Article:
so-called Trumpet Overture, in C (op. 101), was almost certainly composed this autumn, and was first heard at a concert given by Maurer, in Berlin, on Nov. 2, at which Felix played the P.F. part of Beethoven's Choral Fantasia. This overture was a special favourite of Abraham Mendelssohn's, who said that he should like to hear it while he died. It was for long in MS. in the hands of the Philharmonic Society, and was not published till many years after the death of the composer. 1826 opens with the String Quintet in A (op. 18), which if not perhaps so great as the Octet, is certainly on the same side of the line, and the scherzo of which, in fugue-form, is a worthy companion to its predecessors. The Sonata in E (op. 6) is of this date (March 22, 1826). So is an interesting looking Andante and Allegro (June 27), written for the windband of a Beer-garden which he used to pass on the way to bathe; the MS. is safe in the hands of Dr. Paul Mendelssohn-Bartholdy.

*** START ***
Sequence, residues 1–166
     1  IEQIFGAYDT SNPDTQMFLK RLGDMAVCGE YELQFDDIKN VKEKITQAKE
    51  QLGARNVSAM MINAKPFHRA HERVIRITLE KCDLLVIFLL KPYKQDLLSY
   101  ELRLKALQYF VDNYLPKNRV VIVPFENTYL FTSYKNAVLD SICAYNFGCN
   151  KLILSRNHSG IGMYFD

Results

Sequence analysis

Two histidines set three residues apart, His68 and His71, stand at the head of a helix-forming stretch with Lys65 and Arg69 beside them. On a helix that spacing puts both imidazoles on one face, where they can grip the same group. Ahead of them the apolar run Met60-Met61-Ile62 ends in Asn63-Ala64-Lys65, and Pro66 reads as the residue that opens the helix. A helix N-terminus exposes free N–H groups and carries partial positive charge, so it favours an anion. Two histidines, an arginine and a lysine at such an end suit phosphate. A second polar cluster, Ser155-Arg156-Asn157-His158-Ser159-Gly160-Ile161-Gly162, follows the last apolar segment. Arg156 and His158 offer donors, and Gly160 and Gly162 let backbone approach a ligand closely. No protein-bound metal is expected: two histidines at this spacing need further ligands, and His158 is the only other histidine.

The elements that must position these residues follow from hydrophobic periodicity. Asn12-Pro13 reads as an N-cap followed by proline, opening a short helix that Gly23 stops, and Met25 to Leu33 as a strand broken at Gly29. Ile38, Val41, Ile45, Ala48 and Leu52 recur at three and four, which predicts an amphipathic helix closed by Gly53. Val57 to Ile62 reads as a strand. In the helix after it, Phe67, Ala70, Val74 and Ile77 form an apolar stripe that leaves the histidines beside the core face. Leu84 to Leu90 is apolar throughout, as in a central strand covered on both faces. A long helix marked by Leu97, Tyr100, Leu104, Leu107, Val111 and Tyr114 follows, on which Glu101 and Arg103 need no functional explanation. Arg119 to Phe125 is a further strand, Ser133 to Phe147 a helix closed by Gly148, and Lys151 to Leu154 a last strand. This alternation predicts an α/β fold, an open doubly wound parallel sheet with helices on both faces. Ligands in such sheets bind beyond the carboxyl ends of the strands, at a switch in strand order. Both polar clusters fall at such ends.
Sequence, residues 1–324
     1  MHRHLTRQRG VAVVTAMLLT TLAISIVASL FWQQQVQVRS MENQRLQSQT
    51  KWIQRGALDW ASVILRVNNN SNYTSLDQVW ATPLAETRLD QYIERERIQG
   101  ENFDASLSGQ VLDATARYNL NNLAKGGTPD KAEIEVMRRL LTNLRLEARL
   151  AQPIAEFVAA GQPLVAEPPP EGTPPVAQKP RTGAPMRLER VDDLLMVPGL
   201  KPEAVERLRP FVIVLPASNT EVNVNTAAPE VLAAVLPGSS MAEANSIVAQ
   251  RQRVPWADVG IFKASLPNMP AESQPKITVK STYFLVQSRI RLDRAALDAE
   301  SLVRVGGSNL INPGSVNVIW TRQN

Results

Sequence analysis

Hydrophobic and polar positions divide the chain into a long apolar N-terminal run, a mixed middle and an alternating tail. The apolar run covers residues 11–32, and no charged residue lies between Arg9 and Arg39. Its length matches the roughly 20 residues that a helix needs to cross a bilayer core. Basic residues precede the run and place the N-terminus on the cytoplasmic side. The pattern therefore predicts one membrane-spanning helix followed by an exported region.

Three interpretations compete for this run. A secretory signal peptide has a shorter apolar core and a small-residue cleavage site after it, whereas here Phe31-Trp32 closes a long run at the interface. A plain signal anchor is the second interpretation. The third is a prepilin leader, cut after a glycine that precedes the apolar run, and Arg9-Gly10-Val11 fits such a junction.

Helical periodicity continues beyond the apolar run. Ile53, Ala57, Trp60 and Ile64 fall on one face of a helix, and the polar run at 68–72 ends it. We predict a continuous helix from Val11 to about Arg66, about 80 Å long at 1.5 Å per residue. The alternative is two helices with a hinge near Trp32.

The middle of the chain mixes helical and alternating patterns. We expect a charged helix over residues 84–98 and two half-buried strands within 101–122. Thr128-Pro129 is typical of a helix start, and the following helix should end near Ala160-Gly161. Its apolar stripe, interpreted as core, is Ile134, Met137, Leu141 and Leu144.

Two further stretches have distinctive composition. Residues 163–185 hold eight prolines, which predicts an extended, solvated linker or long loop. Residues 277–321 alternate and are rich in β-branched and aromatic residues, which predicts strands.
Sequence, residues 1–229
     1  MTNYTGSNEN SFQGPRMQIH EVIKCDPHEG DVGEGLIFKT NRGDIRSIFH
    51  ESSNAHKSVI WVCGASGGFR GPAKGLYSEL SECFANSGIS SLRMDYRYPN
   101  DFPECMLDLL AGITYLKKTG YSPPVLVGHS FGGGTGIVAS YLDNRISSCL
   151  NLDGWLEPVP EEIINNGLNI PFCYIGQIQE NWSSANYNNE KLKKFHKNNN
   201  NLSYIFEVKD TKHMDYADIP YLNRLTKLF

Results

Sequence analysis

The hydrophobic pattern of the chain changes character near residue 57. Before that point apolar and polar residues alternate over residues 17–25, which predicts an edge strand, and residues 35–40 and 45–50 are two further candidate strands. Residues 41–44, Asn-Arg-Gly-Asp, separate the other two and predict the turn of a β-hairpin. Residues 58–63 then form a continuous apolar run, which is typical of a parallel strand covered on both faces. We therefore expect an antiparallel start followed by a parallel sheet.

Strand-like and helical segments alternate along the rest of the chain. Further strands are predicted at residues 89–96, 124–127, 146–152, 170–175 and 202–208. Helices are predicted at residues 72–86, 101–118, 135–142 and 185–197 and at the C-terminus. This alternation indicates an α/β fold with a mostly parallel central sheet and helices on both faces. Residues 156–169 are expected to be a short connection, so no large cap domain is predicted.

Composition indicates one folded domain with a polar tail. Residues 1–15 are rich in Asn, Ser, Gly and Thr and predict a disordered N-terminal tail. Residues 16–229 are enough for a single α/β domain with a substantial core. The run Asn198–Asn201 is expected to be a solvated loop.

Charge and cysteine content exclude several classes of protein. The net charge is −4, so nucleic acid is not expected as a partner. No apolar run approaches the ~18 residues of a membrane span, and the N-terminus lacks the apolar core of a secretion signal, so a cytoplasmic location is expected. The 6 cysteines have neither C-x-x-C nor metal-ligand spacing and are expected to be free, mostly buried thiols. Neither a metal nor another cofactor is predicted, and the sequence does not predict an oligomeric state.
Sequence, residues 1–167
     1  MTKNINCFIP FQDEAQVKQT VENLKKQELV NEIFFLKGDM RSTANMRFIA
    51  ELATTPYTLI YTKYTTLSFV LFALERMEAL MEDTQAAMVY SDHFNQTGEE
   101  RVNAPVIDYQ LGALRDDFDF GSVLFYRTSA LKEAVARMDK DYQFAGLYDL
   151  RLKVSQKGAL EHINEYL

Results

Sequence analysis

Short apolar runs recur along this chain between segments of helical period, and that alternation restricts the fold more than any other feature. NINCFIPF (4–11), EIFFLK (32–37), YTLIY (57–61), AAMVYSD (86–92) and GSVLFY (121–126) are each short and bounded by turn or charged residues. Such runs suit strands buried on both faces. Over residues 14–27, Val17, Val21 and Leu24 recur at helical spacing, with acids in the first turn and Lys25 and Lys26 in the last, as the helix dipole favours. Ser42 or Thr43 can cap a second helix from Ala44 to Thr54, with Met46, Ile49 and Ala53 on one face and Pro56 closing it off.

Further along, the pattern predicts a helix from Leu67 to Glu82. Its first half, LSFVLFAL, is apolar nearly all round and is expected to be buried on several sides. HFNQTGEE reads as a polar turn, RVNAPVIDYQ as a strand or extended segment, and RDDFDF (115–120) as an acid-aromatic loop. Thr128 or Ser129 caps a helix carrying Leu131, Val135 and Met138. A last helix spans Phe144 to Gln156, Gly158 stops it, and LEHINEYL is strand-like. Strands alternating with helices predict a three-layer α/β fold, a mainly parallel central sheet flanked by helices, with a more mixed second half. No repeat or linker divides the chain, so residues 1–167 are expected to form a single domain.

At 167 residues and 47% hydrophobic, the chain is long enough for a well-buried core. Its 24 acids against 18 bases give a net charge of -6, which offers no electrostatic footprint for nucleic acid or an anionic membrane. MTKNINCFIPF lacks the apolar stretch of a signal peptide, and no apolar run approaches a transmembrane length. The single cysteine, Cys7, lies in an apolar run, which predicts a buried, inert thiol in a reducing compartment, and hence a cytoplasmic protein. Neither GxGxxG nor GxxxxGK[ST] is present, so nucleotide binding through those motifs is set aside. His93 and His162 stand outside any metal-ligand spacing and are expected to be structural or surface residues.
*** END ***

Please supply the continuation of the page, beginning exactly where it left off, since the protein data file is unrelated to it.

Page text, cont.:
But all these were surpassed by the Overture to 'A Midsummer Night's Dream,' which was composed during the peculiarly fine summer of 1826, under the charming conditions of life in the new garden, and the score of which is signed 'Berlin, Aug. 6, 1826.' It appears to have been the immediate result of a closer acquaintance with Shakspeare, through the medium of Schlegel and Tieck's version, which he and his sisters read this year for the first time. Marx claims to have been much consulted during its progress, and even to have suggested essential modifications. Fanny also no doubt was in this, as in other instances, her brother's confidante, but the result must have astonished even the fondest wishes of those who knew him best. It is asserted by one who has the best right to judge, and is not prone to exaggeration, 'that no one piece of music contains so many points of harmony and orchestration that had never been written before; and yet none of them have the air of experiment, but seem all to have been written with certainty of their success.' In this wonderful overture, as in the Octet and Quintet, the airy fairy lightness, and the peculiar youthful grace, are not less remarkable than the strength of construction and solidity of workmanship which underlie and support them. Not the least singular thing about it is the exact manner in which it is found to fit into the music for the whole play when that music was composed 17 years later. The motives of the overture all turn out to have their native places in the drama. After many a performance as a duet on the piano, the overture was played by an orchestra in the Mendelssohns' garden-house, to a crowded audience, and its first production in public seems to have been at Stettin, in Feb. 1827, whither Felix went in very severe weather to conduct it. With the composition of this work he may be said to have taken his final musical degree, and his lessons with Zelter were discontinued.